Cook County forest district poised to regain 400-acre Barrington Hills farm, but foreclosed owners hope hemp crop can bail them out
Monday, June 24, 2019
Chicago Tribune

County assessor nixes help wanted request to commissioners after watchdog raises concerns
Monday, June 24, 2019
Chicago Sun-Times

Budget woes at Cook County health system threaten insurance program used by more than 300,000 residents
Friday, June 21, 2019
Chicago Tribune

Property tax pinch: Average North Sider’s bill to rise by $536, South Sider’s by $23
Friday, June 21, 2019
Chicago Sun-Times

Own property on Chicago’s North Side or central core? Expect a big tax hike
Friday, June 21, 2019
Chicago Tribune

If you live in these areas, your property taxes are about to soar
Thursday, June 20, 2019
Crain's Chicago Business

Cook County property tax bills posted online ahead of mailing, taxes due August 1
Wednesday, June 19, 2019
ABC Channel 7

Cook County Assessor’s Office asks commissioners to lend staff — and is told, yeah, we’re pretty busy
Wednesday, June 19, 2019
Chicago Sun-Times

Cook County Health Program Focuses on ‘Whole Person Care’
Tuesday, June 18, 2019
WTTW News

Beekeeping Behind Bars: Inmates Raise Bees at Cook County Jail
Friday, June 14, 2019
WTTW News

Court rules county retirees entitled to health care no matter who last employer was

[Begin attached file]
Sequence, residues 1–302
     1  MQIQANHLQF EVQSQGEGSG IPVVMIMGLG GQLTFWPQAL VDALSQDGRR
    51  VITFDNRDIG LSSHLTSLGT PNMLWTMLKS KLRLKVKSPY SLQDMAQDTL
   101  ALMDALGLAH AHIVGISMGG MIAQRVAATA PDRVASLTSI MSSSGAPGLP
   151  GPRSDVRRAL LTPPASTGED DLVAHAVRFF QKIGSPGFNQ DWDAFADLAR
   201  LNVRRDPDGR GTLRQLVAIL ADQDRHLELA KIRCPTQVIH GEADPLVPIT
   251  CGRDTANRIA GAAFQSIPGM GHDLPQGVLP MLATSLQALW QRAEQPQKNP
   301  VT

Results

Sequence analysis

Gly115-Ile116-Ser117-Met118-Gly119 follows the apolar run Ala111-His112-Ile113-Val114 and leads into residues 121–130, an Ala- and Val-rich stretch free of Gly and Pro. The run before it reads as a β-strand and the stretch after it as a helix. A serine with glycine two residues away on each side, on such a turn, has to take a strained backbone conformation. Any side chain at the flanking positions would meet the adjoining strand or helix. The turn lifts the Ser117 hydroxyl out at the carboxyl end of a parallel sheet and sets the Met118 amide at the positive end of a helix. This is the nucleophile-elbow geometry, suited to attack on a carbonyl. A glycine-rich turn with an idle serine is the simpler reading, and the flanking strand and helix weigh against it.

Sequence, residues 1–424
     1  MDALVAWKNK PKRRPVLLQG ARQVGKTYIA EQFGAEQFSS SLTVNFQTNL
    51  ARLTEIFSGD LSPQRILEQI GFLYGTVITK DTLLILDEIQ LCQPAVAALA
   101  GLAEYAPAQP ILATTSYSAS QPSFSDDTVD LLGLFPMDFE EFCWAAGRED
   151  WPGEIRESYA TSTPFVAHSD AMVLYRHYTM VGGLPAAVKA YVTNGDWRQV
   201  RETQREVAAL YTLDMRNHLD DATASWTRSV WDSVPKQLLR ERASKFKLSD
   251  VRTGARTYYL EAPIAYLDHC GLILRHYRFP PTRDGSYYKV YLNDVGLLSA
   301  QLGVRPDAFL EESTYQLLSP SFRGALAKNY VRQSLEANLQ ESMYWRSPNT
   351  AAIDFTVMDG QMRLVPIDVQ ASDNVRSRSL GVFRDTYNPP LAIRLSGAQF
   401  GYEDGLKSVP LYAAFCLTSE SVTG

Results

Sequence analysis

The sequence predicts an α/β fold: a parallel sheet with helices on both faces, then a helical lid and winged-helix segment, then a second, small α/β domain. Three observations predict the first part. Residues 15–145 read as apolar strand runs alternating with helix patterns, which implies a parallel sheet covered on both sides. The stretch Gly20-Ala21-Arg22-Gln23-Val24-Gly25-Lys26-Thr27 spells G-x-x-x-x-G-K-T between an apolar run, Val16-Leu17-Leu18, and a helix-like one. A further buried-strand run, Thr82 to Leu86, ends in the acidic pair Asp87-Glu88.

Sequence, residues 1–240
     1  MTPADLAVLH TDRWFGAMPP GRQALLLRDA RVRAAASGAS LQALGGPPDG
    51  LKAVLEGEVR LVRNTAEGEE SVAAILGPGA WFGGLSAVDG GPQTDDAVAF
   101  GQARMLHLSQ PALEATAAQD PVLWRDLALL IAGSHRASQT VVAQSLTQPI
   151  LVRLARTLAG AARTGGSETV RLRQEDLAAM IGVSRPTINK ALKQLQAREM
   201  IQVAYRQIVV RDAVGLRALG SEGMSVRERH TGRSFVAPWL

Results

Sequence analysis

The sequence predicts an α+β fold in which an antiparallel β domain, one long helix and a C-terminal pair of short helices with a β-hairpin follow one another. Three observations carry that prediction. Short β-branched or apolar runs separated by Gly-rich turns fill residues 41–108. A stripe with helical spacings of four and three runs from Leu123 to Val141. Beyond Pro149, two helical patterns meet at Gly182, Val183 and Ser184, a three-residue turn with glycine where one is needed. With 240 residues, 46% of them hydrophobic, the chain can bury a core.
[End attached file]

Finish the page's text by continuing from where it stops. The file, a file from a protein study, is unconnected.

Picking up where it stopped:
Thursday, June 13, 2019
Chicago Sun-Times

Prevent Illinois from being the next ground zero for measles
Thursday, June 13, 2019
Crain's Chicago Business

At Cook County Jail, Inmates Relax Their Minds, Bodies With Yoga
Thursday, June 06, 2019
Prison Mindfulness Institute

Illinois Dept. of Revenue Releases Final 2018 Cook County Equalization Factor
Thursday, June 06, 2019
JD Supra

Skokie drops recent proposal to opt out of Cook County minimum wage ordinance
Wednesday, June 05, 2019
Chicago Tribune

JAMA examines rising drug costs • CVS' ambitious transformation • Cook County extends Medicaid contract
Wednesday, June 05, 2019
Crain's Chicago Business

DCFS says nonprofit misused taxpayer dollars, demands repayment of $100K
Wednesday, June 05, 2019
Chicago Tribune

Cook County judge, ripped for ‘insensitive’ racial comments, dumped from bench
Wednesday, June 05, 2019
Chicago Sun-Times

Cook County Offers Low Cost Rabies And Microchipping Clinic
Wednesday, June 05, 2019
Patch

Masturbating Cook County Jail inmates could cost taxpayers $2 million-plus in legal fees
Tuesday, June 04, 2019

all news items

Paid for by Larry Suffredin and not at taxpayer expense. A Haymarket Production.
^ TOP